9. However, strake 9 still resisted this technique. After several tries I decided to install a boxwood strip as a shim. This solved the gap problem but the boxwood looked terrible on the inside of the gunwale. Since I have the two kits I decided to take some deck planking from the first kit and use it to line the gunwale, hiding the boxwood. Somewhere I saw a photo of a replica Viking boat that had apparently done this. If any justification was needed, that was good enough for me. Finally, the hull was complete. I stained it with a mix of che
  10. Here is a brief recap of some decisions made along the way. One of the problems I had on the first kit was that the frames were not square to the keel. This was because I used some 99 cent hardware store brackets for alignment. For this round I decided to purchase a Hobbyzone Small Building Slip. It gets decent reviews and cost $34 in the USA plus shipping. It’s better than anything I could cobble up. With a minor modification I was able to fashion a poor man’s “jack aubrey style” alignment jig. On to the framing. Interestingly the strake plywood in this kit was q
  11. In the belief that it’s better to get back on the horse than walk away, I decided to try again to construct the Amati Drakkar model. Of course, it’s better to not fall off the horse in the first place, but that option doesn’t usually exist for me. My first attempt ended when I decided that the hull was not forming along the ribs properly and was pulling too far away as I approached the gunwale. As it turned out I abandoned ship too soon. I have since learned that, with some effort, I could have disassembled the hull and tried again. Live and learn. Here is t
  12. Thanks bigpetr, of course I have to get the holes drilled in the correct location when I get to that step! The discussion on shields and other details of Viking customs is fascinating, thanks guys. The lack of solid evidence in certain cases would, it seems, allow some leeway for a novice modeler to chose personal aesthetic appeal over complete historical accuracy, since the latter may not exist. Here is another article, which I probably originally found on MSW: http://www.hurstwic.com/history/articles/manufacturing/text/norse_ships.htm which says: "Th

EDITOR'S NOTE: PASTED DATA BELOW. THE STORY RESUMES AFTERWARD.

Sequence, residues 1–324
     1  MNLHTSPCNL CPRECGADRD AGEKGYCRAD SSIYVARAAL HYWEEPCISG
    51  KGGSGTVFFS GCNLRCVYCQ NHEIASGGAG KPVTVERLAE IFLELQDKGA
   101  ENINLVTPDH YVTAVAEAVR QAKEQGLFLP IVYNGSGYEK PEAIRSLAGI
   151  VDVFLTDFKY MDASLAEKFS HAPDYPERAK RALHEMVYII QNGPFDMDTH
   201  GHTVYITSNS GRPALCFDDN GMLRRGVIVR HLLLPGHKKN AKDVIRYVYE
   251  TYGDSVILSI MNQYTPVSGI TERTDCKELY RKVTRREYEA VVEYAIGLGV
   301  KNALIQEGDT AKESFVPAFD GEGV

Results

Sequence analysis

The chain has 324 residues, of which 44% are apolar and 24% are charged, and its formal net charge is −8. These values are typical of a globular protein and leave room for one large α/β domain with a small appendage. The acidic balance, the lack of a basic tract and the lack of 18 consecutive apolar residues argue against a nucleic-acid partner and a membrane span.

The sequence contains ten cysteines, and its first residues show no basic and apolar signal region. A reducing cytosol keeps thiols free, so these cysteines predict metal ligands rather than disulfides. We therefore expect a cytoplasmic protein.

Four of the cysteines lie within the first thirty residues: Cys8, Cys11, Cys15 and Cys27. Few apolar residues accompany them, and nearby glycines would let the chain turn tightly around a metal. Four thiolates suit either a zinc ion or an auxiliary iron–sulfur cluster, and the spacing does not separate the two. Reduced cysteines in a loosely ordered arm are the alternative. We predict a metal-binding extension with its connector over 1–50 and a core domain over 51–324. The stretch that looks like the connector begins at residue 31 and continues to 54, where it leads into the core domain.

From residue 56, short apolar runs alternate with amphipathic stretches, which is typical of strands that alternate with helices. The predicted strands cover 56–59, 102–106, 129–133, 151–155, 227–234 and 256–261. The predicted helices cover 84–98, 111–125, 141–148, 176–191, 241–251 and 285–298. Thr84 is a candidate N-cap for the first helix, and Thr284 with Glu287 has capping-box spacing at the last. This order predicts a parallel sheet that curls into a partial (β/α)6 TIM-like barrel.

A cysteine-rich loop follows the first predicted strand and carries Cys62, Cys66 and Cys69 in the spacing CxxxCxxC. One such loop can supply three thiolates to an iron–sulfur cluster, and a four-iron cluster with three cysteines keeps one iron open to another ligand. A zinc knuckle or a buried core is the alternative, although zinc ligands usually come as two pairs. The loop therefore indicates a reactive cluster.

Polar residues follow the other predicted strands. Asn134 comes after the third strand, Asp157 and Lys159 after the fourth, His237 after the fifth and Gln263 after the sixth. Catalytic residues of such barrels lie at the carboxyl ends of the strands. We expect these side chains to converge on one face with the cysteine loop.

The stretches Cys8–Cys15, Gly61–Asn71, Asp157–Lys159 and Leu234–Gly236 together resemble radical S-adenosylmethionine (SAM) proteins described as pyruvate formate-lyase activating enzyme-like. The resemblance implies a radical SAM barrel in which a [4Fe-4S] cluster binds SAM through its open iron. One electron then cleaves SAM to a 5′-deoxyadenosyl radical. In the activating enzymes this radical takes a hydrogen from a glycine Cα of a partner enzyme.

13. Andrew, I'm so very sorry to this tragic news. My deepest and heartfelt condolences to you. It's a beautiful photo of you guys. I have really enjoyed following your build log, filled with your wit, intelligence and humor, and I look forward to your return when you are ready. Nelson
  14. Larry, thanks for that. There are quite a few discussions here in various Viking ship build logs (binho, liteflight, Jack P, Matt H, among others come to mind, hope I have those right). Questions about if and when the shields might have been mounted. As I recall, your explanation is a good one. Louie da Fly, a Viking expert here, has posted quite a few good links to shield information. I can easily dig those up if you have not seen them. (No pun intended on "dig those up".) One problem with some of the kits apparently, perhaps even mine, is that as designed the kit wou
  15. Cathead, thanks for checking in, much appreciated! The answer to new kit or fiddling with the old one is: both of the above! I did get a new kit and have been s.l.o.w.l.y moving forward on it. There have been some screw ups, but I'm up to the sheer strake now. There still exists the problem of that strake having moved away from the frame no matter what I tried. It's better than the first attempt and I am forging ahead with a possible solution that I think will look OK. The jury is still out. My plan has been to get the hull completed to a point where I'm satisfied, and then start